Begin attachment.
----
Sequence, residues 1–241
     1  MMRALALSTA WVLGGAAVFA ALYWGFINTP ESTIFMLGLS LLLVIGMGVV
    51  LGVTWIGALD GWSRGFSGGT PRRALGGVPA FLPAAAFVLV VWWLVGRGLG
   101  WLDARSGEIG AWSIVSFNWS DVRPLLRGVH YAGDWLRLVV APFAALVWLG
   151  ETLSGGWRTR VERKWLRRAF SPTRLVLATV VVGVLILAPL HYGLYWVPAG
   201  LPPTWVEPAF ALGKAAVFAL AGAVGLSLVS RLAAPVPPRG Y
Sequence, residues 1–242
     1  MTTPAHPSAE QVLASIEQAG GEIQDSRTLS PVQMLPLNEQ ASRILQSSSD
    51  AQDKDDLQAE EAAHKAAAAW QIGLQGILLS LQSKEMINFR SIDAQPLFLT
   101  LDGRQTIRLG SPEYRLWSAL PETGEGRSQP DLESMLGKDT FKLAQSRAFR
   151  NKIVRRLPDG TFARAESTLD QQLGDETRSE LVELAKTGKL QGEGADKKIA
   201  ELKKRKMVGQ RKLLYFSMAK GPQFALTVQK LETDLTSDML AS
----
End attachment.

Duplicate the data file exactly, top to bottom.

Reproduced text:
Sequence, residues 1–241
     1  MMRALALSTA WVLGGAAVFA ALYWGFINTP ESTIFMLGLS LLLVIGMGVV
    51  LGVTWIGALD GWSRGFSGGT PRRALGGVPA FLPAAAFVLV VWWLVGRGLG
   101  WLDARSGEIG AWSIVSFNWS DVRPLLRGVH YAGDWLRLVV APFAALVWLG
   151  ETLSGGWRTR VERKWLRRAF SPTRLVLATV VVGVLILAPL HYGLYWVPAG
   201  LPPTWVEPAF ALGKAAVFAL AGAVGLSLVS RLAAPVPPRG Y
Sequence, residues 1–242
     1  MTTPAHPSAE QVLASIEQAG GEIQDSRTLS PVQMLPLNEQ ASRILQSSSD
    51  AQDKDDLQAE EAAHKAAAAW QIGLQGILLS LQSKEMINFR SIDAQPLFLT
   101  LDGRQTIRLG SPEYRLWSAL PETGEGRSQP DLESMLGKDT FKLAQSRAFR
   151  NKIVRRLPDG TFARAESTLD QQLGDETRSE LVELAKTGKL QGEGADKKIA
   201  ELKKRKMVGQ RKLLYFSMAK GPQFALTVQK LETDLTSDML AS